Waking up from the ozone dream

As we close the door on the first decade of the 21st century, the environmental crises that we face today require action beyond even the scale of the world’s response to the ozone-depletion emergency in the late 20th century.

As we all know, the ozone layer is a thin layer in the atmosphere that sits about 10-50 km above the Earth. It absorbs most of the harmful ultraviolet radiation from the sun. The discovery of an ozone "hole" in 1985 shocked the world and two years later the Montreal Protocol was signed. Today, almost every country in the world has ratified the agreement.

Along with this year’s International Ozone Day, which was on Sept 16, it is worth recalling that the Montreal Protocol is not simply a multilateral global accord designed to eradicate ozone-depleting substances.

In a unique way, the Montreal Protocol brought the global community together to find a way to move forward. Everyone agreed that what happens to the ozone due to the release of chlorofluorocarbon gases (CFC) – which were used in aerosols, refrigerators and are still used in air conditioners – was completely linked to what happens to life on Earth. The industrialized world later provided the incremental financial and technical assistance to developing countries to implement the agreement.

As Mario Molina, who in 1995 won the Nobel Prize in Chemistry for his role in elucidating the CFC threat to the Earth’s ozone layer, said: "The Montreal Protocol is widely considered the most successful environmental treaty, phasing out almost 100 ozone-depleting chemicals by 97 percent and placing the ozone layer on the path to recovery by mid-century."

In phasing out the vast majority of ozone-depleting substances, the Montreal Protocol created a whole range of new job opportunities in industrialized and developing countries. Recycling, retrofitting, containment and best practices, in addition to the implementation of energy standards and labeling, are just some of the new activities that were undertaken by industry and governments. These also opened up new vistas for employment.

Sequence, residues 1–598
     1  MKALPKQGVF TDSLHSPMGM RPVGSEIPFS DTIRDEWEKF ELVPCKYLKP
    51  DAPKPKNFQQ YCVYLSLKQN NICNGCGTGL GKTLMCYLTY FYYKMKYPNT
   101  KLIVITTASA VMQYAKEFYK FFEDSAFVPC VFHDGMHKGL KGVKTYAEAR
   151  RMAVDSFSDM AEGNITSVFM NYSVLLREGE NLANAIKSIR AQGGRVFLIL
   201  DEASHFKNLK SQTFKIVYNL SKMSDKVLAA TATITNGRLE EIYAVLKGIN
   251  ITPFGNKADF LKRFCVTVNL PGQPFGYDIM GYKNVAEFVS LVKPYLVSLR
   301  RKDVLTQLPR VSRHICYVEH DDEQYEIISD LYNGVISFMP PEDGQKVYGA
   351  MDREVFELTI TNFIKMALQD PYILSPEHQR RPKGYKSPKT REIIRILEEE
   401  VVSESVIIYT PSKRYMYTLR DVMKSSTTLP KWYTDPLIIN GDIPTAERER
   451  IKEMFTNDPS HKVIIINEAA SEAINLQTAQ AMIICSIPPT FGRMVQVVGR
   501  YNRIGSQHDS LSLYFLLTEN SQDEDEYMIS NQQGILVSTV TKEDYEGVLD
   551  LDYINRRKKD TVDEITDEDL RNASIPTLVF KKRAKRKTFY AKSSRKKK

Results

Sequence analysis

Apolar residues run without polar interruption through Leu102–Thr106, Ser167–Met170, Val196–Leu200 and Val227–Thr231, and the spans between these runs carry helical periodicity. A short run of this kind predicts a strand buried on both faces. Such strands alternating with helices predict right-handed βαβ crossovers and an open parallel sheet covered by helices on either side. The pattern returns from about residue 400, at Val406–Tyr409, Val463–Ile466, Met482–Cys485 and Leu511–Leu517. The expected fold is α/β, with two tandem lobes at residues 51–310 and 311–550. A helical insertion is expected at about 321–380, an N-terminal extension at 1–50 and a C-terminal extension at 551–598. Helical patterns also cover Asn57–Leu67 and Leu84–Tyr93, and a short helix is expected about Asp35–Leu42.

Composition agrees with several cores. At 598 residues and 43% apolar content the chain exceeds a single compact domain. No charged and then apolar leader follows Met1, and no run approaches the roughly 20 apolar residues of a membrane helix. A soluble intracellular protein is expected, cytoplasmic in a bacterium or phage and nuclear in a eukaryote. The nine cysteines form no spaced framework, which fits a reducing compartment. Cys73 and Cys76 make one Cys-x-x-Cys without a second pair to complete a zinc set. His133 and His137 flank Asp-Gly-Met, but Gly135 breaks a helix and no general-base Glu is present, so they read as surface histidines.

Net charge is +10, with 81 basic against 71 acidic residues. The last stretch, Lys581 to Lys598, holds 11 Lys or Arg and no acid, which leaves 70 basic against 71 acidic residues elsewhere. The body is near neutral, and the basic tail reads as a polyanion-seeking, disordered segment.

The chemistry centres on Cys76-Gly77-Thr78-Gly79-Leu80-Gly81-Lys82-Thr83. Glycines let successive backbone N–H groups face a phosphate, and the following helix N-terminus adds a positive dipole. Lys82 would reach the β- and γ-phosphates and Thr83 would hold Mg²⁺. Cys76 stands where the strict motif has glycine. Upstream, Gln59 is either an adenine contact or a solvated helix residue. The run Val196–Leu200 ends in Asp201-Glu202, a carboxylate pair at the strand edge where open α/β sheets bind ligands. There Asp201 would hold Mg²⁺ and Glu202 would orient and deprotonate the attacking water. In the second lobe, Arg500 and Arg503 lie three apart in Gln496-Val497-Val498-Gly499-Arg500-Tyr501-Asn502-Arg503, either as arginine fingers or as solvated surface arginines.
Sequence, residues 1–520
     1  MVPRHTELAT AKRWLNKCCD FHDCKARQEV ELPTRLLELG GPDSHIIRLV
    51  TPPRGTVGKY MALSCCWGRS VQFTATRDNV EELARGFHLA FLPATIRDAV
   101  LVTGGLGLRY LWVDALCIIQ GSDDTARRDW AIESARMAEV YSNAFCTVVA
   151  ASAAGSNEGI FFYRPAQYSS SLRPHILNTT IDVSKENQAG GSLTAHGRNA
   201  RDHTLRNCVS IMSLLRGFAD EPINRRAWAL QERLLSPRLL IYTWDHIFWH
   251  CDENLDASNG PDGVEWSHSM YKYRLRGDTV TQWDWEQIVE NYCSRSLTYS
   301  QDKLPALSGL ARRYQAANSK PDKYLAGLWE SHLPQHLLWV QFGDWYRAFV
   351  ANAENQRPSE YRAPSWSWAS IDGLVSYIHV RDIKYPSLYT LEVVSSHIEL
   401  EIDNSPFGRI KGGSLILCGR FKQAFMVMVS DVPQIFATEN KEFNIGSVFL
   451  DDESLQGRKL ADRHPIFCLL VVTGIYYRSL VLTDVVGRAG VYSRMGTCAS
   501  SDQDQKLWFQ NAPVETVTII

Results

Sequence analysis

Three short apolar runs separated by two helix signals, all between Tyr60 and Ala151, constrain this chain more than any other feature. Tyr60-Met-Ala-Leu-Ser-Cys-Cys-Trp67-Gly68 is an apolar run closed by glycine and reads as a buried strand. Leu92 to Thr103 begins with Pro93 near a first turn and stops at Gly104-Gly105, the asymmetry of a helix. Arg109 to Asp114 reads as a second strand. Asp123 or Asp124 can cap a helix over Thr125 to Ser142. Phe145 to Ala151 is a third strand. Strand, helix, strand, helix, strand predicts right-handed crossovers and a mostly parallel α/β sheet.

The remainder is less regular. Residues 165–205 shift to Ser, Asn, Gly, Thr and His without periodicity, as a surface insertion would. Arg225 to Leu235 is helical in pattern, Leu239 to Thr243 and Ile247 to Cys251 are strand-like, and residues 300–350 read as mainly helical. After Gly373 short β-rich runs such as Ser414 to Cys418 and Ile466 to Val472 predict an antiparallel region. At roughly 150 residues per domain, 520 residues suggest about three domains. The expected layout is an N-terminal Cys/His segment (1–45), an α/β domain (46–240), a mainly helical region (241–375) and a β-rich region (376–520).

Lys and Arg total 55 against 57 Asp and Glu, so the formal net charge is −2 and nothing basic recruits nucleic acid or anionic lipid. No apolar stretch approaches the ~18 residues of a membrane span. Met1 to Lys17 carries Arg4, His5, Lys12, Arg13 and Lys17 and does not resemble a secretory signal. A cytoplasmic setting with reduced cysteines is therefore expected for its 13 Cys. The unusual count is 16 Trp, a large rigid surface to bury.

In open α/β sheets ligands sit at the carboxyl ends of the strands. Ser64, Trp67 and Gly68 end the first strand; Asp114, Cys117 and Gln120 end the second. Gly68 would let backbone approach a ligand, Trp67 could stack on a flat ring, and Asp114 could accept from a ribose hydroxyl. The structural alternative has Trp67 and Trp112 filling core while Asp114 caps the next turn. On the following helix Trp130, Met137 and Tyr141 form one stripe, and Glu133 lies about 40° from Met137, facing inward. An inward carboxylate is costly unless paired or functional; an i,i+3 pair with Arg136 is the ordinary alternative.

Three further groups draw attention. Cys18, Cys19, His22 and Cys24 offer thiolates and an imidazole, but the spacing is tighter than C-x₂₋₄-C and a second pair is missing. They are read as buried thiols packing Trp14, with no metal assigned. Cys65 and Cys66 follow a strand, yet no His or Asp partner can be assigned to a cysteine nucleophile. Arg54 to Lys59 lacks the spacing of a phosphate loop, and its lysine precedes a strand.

Enterprises in developing countries also benefited from a wave of technological innovation for upgrading their production lines and deploying the latest energy- and resource-efficient technologies.

In 2007, all the signatories agreed to accelerate the phasing out of hydrochlorofluorocarbons (HCFCs), the last remaining ozone-depleting substance which is still widely used in room air conditioners.

Yet, while the Montreal Protocol has achieved much of what it set out to do, it still has some weighty challenges ahead. The 2005 IPCC/TEAP Special Report on Ozone and Climate, of which I was a coordinating lead author, exposed some alarming trends.

* A threat from "banks" of ozone-depleting substances: Though the production of CFCs has been phased out, CFC produced in the past (before 2010) exists in various equipment that are still running, like old refrigerators. Such CFCs and other ozone-depleting substances that still exist in equipment all over the world are called "banks". About 21 gigatons of carbon dioxide equivalents contained in old equipment will inevitably seep into the atmosphere in the absence of any significant efforts to chemically destroy them by incineration.

* Market imperatives: The center of gravity for global air-conditioning with HCFCs is moving to China. The country faces multiple challenges. It has to supply the high global warming potential (GWP) – a measure of how much a given mass of greenhouse gas contributes to global warming – alternative air-conditioning systems to the developed countries where such systems are allowed, such as the United States, and low GWP alternatives in places where there are regulations that ban the high GWP systems, such as the European Union.

The world is also looking at China and India to develop low-GWP and energy-efficient air-conditioning systems that would be economically and environmentally beneficial. High ambient temperature in the developing countries would be the key barrier for energy-efficient technologies.

* High growth of HFCs: There is also the projected growth of HFCs, which were introduced to replace HCFCs. This increase in business-as-usual scenarios is alarming. HFCs are powerful greenhouse gases and their emissions have to be controlled under the Kyoto Protocol. Forecasts indicate that the share of HFCs in the global fluorocarbon market will jump from 35 percent in 2008 to 58 percent in 2018.

Today, the reputation of the Montreal Protocol is at stake. Without immediate action to address these challenges and strengthen it, the Montreal Protocol is in danger of becoming a liability to the global community.

Climate change and global warming are linked to the ozone. If we protect the ozone layer, we protect the planet. The agreement has shown how government and the public can work together, but they must continue to do so to overcome the remaining challenges.

By Rajendra Shende. The author is head of OzonAction. www.chinadaily.com.cn